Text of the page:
But now looking back I'm thinking... As soon as the New Year hits here spring perks up. Even though it doesn't look like there's much of anything to eat in the pasture, perhaps it was too much for him -- they were eating super sugary first growth as fast as it came up. It hasn't been an issue (observable anyway -- maybe there was!) in the past so I was waiting as I normally do for about now when the grass starts growing observably to cut them way back.

I don't know how I made the connection, but something I read put weight loss together with IR. Which led me here. I had thought it was always weight gain. Aha! Here I read people reporting that the their first clue to an IR flare up is a swollen sheath. Double AHA! I cut them back to one hour a day. Went out and got some flax. Switched them from soaked alfalfa pellets (he was scoped several years ago and had ulcers, thus the alfalfa)  to a mix of Timothy and Beet pulp pellets, soaked. That was Monday.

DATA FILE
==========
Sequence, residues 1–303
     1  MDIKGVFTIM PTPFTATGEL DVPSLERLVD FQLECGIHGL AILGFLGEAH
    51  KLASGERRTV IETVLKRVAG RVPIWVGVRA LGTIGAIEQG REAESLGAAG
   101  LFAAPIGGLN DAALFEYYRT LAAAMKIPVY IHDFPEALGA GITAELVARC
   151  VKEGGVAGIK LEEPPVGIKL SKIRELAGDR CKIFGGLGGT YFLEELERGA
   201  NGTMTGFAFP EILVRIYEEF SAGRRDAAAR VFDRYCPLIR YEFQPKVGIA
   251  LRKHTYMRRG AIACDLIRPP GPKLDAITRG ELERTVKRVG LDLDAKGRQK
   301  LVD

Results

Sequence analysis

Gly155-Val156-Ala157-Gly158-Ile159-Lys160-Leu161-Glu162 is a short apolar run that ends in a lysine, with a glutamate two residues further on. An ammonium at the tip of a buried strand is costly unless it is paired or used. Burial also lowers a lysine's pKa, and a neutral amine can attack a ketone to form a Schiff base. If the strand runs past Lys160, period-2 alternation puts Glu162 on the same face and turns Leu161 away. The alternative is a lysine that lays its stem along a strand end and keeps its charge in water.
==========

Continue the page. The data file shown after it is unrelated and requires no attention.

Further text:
Yesterday, is he walking slowly or is it just me? NO MORE GRASS!!! 

I've separated them in the barn the past two nights. I didn't think to monitor his hay consumption. I assumed he was eating because I see him do so. Today I am paying attention. He walked through his poop last night, so I don't know exactly how many he did, but I'd guess 4 whereas Delight had seven in her area. Makes me think he's not getting enough hay.

So, my question to get us through tonight to the vet visit tomorrow morning is, should I ramp up his beet pulp/ timothy?